Posted by MICHAEL PAULSON and ANDREW R. CHOW on January 20, 2017 at 10:34 pm

    Cultural counterprogramming. An artists’ strike. A museum’s celebration. Dispatches from coast to coast. […]

  • Ars Longa, Except When MoMA Throws It Out
    Posted by RANDY KENNEDY on January 20, 2017 at 10:13 pm

    The artist Pat Lasch thought that her 1979 cake sculpture was part of the museum’s collection. The museum says otherwise. […]

  • Sotheby’s Leads London Sale with Richter Iceberg Painting
    Posted by Sam on January 20, 2017 at 7:32 pm

    Sotheby’s will lead its London Contemporary sale with a photorealist work by Gerhard Richter, Eisberg, estimated at £8-£12 million.  The work comes from a period shortly after the artist’s divorce from his first wife Emma, and reflects his mindset during this dark period.“What Richter saw reflected in the painting… was his own state of mind…the photographs he took in Greenland […]

  • Auctionata Paddle8 Files for Insolvency
    Posted by Sam on January 20, 2017 at 7:31 pm

    Auctionata Paddle8 has filed for insolvency, with Paddle8 reportedly finding a buyer for its company in New York.  “Auctionata and Paddle8 have redefined the online auction market for art and luxury goods,” says Thomas Hesse, CEO of the joined company. “This procedure will enable both brands and companies to maximize their potential.”  Read more at Art […]

  • Ruba Katrib Joins Frieze London as Curatorial Advisor
    Posted by Sam on January 20, 2017 at 7:31 pm

    Ruba Katrib, curator of SculptureCenter, will join Frieze London as a curatorial advisor this year, working on the fair’s “Focus” section.  “I tend to begin my journey through Frieze London in the Focus section,” she said. “I’m eager to see who’s there and what they’ve brought, knowing that the galleries in Focus can be counted on to bring […]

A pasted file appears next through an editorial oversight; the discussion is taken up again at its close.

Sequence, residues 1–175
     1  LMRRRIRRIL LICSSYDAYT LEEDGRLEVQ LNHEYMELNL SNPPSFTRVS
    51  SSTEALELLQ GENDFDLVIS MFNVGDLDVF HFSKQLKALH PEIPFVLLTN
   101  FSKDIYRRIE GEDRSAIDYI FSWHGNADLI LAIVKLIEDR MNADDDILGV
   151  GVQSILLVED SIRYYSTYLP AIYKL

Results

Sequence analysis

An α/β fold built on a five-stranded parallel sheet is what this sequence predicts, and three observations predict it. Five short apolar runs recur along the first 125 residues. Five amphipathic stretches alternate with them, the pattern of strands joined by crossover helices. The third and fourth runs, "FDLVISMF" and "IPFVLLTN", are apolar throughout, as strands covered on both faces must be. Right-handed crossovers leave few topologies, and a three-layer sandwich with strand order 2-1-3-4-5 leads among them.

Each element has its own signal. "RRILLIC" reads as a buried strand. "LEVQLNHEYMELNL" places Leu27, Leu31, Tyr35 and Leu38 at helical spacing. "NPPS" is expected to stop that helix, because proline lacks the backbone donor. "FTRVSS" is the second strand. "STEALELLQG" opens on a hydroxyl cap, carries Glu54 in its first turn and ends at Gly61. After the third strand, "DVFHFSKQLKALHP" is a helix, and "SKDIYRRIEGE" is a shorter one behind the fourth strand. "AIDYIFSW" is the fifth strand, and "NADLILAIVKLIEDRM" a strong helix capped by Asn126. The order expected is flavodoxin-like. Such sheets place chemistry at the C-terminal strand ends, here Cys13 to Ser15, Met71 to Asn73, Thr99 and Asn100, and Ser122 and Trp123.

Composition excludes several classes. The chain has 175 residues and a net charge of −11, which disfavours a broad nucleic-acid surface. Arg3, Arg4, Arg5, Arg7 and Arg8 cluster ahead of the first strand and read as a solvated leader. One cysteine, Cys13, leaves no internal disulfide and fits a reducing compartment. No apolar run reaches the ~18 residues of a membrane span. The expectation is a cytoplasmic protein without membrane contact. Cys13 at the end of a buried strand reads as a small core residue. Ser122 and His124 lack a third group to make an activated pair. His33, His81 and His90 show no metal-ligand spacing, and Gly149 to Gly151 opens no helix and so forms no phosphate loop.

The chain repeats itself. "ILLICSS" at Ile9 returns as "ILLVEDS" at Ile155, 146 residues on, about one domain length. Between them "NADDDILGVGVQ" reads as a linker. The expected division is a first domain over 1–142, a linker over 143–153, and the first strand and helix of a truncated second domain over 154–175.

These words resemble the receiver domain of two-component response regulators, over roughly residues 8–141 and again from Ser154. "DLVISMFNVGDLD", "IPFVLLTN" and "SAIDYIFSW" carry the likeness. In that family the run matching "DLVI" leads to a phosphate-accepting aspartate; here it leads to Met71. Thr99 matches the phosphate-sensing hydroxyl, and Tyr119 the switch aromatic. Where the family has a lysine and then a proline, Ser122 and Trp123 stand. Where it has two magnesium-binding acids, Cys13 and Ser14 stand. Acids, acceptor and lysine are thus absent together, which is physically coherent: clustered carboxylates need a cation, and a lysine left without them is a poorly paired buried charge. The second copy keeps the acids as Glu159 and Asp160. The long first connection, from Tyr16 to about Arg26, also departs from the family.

• Trump Administration Pushing to Cut Funding to NEA
    Posted by Sam on January 20, 2017 at 7:31 pm

    The Trump administration has announced plans to cut the National Endowment for the Arts, and the National Endowment for the Humanities, part of its plan to decrease government spending.  “The Trump Administration needs to reform and cut spending dramatically, and targeting waste like the National Endowment for the Arts and National Endowment for the Humanities would […]

  • New York — Philip Guston: “Laughter in the Dark” at Hauser & Wirth Through January 28th, 2017
    Posted by O. Yerebakan on January 20, 2017 at 5:42 pm

    Philip Guston, Alone (1971), all images via Osman Can Yerebakan for Art Observed On view at Hauser & Wirth’s temporary 22nd street location, Laughter in the Dark compiles one hundred and eighty pieces created by artist Philip Guston between 1971 and 1975.  Working feverishly at his Woodstock studio in response to the highly contentious, corruption-filled presidency of Richard Nixon, […]